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The Ward Round: In search of bold policy

Published on: 5 Oct 2023

Staffing is the issue keeping NHS leaders awake at night – and which consumes two-thirds of trusts’ spending. The fortnightly The Ward Round newsletter, by HSJ workforce correspondent Annabelle Collins, ensures you are tuned in to the daily pressures on staff, and the wider trends and policies shaping the workforce.

Rishi Sunak hammered home the government’s expectations around the long-term workforce plan and NHS productivity in his Tory conference speech this week.

Although it wasn’t quite an ‘education, education ,education’ moment, not once but twice the prime minister emphasised how the plan would “drive up productivity” and “enable the NHS to work as productively as anywhere in the world” – a reminder of the challenging quid pro quo attached to its (five-year) investment.

According to the plan, the 2 per cent rise in productivity hinges on investment in estates and technology and, earlier in the conference, Steve Barclay announced a £30m cash injection to “speed up the adoption of tech in the NHS”.

Considering the overall NHS tech budget is around £2.5bn over the three years from 2022-2025, this is a drop in the ocean. As King’s Fund director of policy Sally Warren highlighted, productivity gains from technology and artificial intelligence rely on a workforce with the right skill set and time to “implement innovations”.

She also warned £30m “will not cut the mustard of what’s needed overall in terms of capital investment for buildings and equipment in the NHS – with the latest data showing that the maintenance backlog has reached over £10bn in 2021-22”.

The investment is welcome, of course. However, if the NHS is not given the tools it needs to hit the demanding 2 per cent labour productivity target set out in the plan, the impact of the forecast 300,000 extra clinicians will be all but cancelled out.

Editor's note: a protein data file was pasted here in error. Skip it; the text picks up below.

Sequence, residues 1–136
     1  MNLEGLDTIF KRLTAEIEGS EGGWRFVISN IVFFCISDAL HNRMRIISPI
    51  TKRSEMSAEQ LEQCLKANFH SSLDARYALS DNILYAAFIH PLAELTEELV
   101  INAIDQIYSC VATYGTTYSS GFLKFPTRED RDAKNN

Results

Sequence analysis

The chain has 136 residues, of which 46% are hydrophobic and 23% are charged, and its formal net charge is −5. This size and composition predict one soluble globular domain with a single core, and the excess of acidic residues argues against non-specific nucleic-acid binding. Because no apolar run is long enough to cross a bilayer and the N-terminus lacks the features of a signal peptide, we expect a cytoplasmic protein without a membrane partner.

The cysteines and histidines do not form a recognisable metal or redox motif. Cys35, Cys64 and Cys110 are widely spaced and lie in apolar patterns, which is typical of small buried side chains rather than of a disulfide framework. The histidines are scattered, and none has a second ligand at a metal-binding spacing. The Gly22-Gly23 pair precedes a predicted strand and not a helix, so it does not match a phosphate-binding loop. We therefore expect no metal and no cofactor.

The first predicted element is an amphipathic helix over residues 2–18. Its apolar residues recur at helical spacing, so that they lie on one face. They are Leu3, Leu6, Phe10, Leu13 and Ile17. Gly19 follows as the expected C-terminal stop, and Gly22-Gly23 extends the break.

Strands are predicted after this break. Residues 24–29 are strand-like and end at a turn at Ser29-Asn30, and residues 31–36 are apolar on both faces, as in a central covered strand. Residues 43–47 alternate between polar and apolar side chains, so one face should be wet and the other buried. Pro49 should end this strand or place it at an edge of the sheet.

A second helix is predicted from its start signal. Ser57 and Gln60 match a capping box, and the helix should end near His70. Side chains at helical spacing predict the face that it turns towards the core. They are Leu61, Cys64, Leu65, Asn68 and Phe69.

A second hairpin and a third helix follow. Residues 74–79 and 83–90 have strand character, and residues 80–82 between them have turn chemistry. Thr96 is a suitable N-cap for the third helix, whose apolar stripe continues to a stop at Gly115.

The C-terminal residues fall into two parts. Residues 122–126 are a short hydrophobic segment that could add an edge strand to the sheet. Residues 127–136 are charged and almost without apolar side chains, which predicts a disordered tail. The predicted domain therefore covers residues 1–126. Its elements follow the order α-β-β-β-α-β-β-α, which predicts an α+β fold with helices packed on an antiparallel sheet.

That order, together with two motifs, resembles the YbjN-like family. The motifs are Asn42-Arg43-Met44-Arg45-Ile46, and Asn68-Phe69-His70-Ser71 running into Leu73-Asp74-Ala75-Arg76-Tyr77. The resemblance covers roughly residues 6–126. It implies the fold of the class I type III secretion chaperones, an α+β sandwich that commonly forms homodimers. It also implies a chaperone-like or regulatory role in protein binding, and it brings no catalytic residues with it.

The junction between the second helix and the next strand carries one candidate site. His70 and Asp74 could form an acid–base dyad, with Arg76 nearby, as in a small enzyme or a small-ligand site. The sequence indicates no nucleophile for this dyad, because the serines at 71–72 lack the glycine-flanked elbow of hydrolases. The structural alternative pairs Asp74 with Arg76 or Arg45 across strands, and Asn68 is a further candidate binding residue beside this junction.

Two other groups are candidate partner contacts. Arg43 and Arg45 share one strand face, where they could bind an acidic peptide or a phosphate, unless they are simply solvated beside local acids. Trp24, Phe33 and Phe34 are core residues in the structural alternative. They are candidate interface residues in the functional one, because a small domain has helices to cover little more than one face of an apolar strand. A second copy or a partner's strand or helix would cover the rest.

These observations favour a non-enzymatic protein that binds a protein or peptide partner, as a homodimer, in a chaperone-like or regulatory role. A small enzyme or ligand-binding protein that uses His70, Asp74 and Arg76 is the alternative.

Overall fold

Poor pipelines

A common criticism of the workforce plan is its lack of detail around improving staff retention and reducing the attrition rate of clinical staff in training. The Nuffield Trust recently explored the latter point in a deep dive on strategies to improve the supply of clinical staff to the NHS.

“For too long, the domestic training pipeline for clinical careers has not been fit for purpose,” the authors argue, reporting that around one in five nurses, occupational therapists, physiotherapists, and radiographers have left NHS hospital and community settings within two years.

It also highlighted that a “notable proportion” of students drop out of their degree programme, with financial, academic, workload and placement factors all commonly cited.

The report acknowledges the long-term workforce plan sets out proposals that could decrease attrition rates, but warns any gains rely on “an already overstretched NHS implementing these policies well”.

In light of these findings, the Nuffield Trust calls for “bold policy making” and sets out a 10-point plan to increase applications to study, reduce attrition during training, and improve participation and retention in public services.

Among its recommendations is that the government should commission an independent review into degree-level apprenticeships – considering the “strong commitment” to them in the long-term plan and the poor data available – and evaluate models used in other countries to improve participation. For example, the Irish and Australian preceptorship model gives a period of structured support to newly qualified practitioners during the transition from student to clinical professional.

In its most radical proposal, the Nuffield Trust also says introducing student loan forgiveness is “a compelling policy” and would provide a “substantial financial incentive” for students to choose clinical education.

The report suggests there are other potential equality benefits, as nursing, midwifery and allied health professionals are disproportionately negatively affected by the loan repayment system and the burden of student debt puts people off applying for clinical higher education.

The Nuffield Trust predicts loan write-off would cost around £230m per year for nursing, midwifery and AHP graduates but adds this is less than the amount to be saved by the Treasury through the incoming changes to the student loan repayment scheme – and suggests it could be expanded to doctors at a cost of around £170m per year.

Considering the vast increase in training numbers and the fact “more investment from the public purse is at stake”, the Nuffield Trust is clear: plugging the gaps in the domestic pipeline is overdue, and essential.